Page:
US India Global Review 2018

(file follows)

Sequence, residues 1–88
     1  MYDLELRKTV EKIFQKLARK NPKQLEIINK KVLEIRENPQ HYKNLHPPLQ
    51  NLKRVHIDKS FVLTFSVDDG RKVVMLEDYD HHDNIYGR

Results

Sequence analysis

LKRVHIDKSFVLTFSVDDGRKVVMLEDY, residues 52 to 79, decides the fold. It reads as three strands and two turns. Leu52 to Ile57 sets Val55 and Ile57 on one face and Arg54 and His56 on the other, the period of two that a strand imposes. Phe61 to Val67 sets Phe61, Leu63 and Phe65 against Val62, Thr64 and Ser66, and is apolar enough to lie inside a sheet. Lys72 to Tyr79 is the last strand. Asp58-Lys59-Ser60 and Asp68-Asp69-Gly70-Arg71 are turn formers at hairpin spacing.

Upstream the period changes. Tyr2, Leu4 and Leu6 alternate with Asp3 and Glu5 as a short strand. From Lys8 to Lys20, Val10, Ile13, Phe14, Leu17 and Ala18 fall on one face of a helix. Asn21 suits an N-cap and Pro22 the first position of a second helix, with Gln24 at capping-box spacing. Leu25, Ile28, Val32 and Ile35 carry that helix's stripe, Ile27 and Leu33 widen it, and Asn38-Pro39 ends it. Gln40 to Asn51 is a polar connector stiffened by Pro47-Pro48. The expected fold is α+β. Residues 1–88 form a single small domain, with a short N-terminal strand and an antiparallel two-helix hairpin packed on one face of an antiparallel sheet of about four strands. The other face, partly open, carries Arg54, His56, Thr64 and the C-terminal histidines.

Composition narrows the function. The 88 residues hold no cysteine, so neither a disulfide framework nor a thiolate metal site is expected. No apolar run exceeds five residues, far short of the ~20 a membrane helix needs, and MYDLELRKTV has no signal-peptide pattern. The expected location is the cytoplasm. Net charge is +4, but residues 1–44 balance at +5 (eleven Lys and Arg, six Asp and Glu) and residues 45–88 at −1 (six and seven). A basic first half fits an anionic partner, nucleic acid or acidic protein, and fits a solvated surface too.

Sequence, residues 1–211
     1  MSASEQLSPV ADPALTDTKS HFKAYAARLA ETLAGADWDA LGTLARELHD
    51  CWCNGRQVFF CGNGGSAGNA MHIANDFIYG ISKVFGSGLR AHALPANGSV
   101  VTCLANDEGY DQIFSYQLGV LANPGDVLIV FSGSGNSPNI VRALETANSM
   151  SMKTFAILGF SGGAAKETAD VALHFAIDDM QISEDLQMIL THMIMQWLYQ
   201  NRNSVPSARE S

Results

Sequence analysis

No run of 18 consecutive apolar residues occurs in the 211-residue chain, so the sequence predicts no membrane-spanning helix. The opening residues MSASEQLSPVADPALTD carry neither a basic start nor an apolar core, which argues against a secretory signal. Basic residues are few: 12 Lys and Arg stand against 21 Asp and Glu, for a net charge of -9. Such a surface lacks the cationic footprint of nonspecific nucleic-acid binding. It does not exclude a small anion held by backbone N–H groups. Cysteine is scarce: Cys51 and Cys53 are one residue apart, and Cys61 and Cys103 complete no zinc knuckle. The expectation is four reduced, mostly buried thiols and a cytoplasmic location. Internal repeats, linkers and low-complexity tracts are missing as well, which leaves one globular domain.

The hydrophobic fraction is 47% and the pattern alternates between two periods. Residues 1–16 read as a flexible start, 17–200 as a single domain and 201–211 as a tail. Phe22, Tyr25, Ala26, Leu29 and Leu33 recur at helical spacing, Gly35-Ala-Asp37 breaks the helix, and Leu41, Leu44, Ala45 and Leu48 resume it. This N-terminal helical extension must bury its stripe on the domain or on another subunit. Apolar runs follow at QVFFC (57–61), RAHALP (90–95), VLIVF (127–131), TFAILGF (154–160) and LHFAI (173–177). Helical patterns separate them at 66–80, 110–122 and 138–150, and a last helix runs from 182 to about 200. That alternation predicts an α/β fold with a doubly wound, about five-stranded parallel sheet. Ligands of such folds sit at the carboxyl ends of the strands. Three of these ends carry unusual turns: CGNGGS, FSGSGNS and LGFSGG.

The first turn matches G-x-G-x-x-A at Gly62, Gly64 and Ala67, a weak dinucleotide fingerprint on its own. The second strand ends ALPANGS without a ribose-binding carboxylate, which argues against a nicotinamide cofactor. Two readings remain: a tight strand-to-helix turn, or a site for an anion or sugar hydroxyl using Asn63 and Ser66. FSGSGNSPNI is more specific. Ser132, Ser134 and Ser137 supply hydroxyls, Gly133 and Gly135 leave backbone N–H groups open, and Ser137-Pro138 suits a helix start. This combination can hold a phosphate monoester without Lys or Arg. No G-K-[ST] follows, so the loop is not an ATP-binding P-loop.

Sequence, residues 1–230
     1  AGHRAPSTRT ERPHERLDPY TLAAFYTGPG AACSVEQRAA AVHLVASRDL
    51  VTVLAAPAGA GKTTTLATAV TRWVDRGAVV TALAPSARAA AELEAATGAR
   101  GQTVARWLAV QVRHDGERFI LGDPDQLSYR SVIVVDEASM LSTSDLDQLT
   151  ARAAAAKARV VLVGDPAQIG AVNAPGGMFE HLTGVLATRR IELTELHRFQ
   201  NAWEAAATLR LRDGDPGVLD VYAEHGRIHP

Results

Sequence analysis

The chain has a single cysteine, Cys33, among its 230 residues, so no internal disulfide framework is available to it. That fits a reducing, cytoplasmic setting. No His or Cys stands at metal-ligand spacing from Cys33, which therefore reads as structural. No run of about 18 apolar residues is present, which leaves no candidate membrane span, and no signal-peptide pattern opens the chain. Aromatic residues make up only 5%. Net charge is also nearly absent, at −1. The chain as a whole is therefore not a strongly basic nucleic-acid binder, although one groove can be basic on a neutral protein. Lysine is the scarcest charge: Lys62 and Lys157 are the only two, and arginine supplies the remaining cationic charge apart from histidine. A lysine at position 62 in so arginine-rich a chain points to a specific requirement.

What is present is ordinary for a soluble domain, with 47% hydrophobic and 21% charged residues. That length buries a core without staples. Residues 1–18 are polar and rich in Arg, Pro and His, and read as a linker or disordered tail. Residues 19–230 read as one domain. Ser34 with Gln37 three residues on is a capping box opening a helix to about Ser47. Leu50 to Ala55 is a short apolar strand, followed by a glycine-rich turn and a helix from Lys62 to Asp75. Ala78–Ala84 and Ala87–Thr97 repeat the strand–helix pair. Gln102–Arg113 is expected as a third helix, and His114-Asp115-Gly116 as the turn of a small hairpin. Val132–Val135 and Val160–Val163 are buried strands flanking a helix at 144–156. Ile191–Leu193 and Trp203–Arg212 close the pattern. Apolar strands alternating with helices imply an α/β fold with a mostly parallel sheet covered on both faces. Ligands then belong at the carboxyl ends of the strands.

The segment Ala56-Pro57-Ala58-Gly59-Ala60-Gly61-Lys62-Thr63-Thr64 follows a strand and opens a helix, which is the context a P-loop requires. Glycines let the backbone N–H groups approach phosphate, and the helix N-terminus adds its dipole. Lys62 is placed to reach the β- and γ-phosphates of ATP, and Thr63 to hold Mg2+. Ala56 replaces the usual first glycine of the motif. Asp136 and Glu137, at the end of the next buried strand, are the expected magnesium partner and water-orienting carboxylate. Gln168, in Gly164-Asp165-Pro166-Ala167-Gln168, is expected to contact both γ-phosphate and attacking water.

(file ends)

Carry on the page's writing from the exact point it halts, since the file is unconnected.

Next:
13 US-INDIA GLOBAL REVIEW APRIL-JUNE 2018 across the whole spectrum of political-security, economic, socio- cultural and development cooper- ation." The parties committed to continue working "closely together on common regional and interna- tional security issues of mutual concern and ensure an open, transparent, inclusive and rules- based regional architecture." They reaffirmed the "importance of maintaining and promoting peace, stability, maritime safety and secu- rity, freedom of navigation and overflight in the region," and peaceful resolution of disputes, according to international laws. The agreement also sought to "deepen cooperation in combat- ing terrorism in all its forms" and countering it through information sharing, law enforcement cooper- ation and capacity building. (See text of Agreement). More than a thousand years of history between India and the ASEAN countries, experts agree, is being seemingly infused with new life, geared toward economic, strategic, national security, envi- ronment, and connectivity, in this modern and technological age. "ASEAN is central to India's 'Act East' Policy. And, our ties are a source of balance and harmony in the region," Modi said on Sept. 8, 2016, noting that the engage- ment was driven not just by shared civilizational heritage, but "also driven by our common strategic priorities of securing our societies and bringing peace, sta- bility and prosperity to the region." His pro-active approach to ASEAN, maturing it from the 'Look East' emphasis to 'Act East' was articulated just months after Modi took office, at the 12th ASEAN India Summit in Nay Pyi Taw, Myanmar's new capital, in November, 2014. Walking The Talk While India will not be a member of ASEAN, it is trying to build relations at the institutional level and the individual country level, Dhume notes. By making the ASEAN policy pro-active, New Delhi stands to reap benefits way beyond the more incremental pace of the past, Gupta said, adding, "The strategy itself is not new but has a new invigorated focus." For instance, Modi has traveled far more extensively in the region than Indian leaders before him, and with more clearly targeted economic objectives. "Even though India has for a long time talked about it (engag- ing Southeast Asia), now it is finally walking the talk," Gupta said. India-ASEAN trade and investment relations have been growing steadily, with ASEAN being India's fourth largest trading partner. Bilateral trade stood at approximately US$ 76.53 billion in 2014-15. India's imports from ASEAN are higher by several billions than its exports to the region in recent years, which reality may explain Modi's focus on the economics of the relationship. According to an analysis by Pyaralal Raghavan in the Times of India, India’s exports to ASEAN were up significantly in the initial years -- $18.1 billion in 2009-10 to $ 33.1 billion in 2013-14. But they fell to $ 25.1 billion in 2015-16. The share of Indian exports to ASEAN rose to as high as 16.9% by 2012-13, but dropped to it has 9.5% by 2015-16. Foreign Direct Investment has also not been in India's favor, MEA figures show. Gupta recommends India be even more engaged economically and promotes APEC, the Asia Pacific Economic Cooperation, grouping as one of the solutions. The 21-member APEC stretches all the way from Southeast Asia to Peru, taking in seven ASEAN members and major economies including Australia, China, Russia, Japan, Canada and the United States. Dhume on the other hand, contends APEC is a complex rela- tionship and the more appropriate organization where India can get results is RCEP or the Regional Comprehensive Economic Partnership of which India is a member. The RCEP also includes all the ASEAN members and Australia, China, Japan, South Korea and New Zealand and aims at equalizing economic disparities and broadening and deepening engagement in the economic development of the region, the RCEP website states. Energizing Diplomacy Dhume lauded the policy vigor adopted by New Delhi in more recent years. "Looking toward East Asia is more an example of how the Modi administration has energized Indian diplomacy. It is a symbol of greater ambition. This is a ques- tion of trying to do more in this region, not that the West has become less important," says Brunei: Sultan Hassanal Bolkiah Brunei Cambodia: Prime Minister Hun Sen Indonesia: President Joko Widodo Laos: Prime Minister Thongloun Sisoulith Malaysia: Prime Ministers Najib Razak Myanmar: Aung San Su Kyi,Prime Minister and Minister of Foreign Affairs Philippines: President Rodrigo Roa Duterte Singapore: President Halima Yacob Thailand: Prime Minister Prayuth Chan-Ocha Vietnam: Prime Minister NguyAân Phúc LIST OF GUESTS

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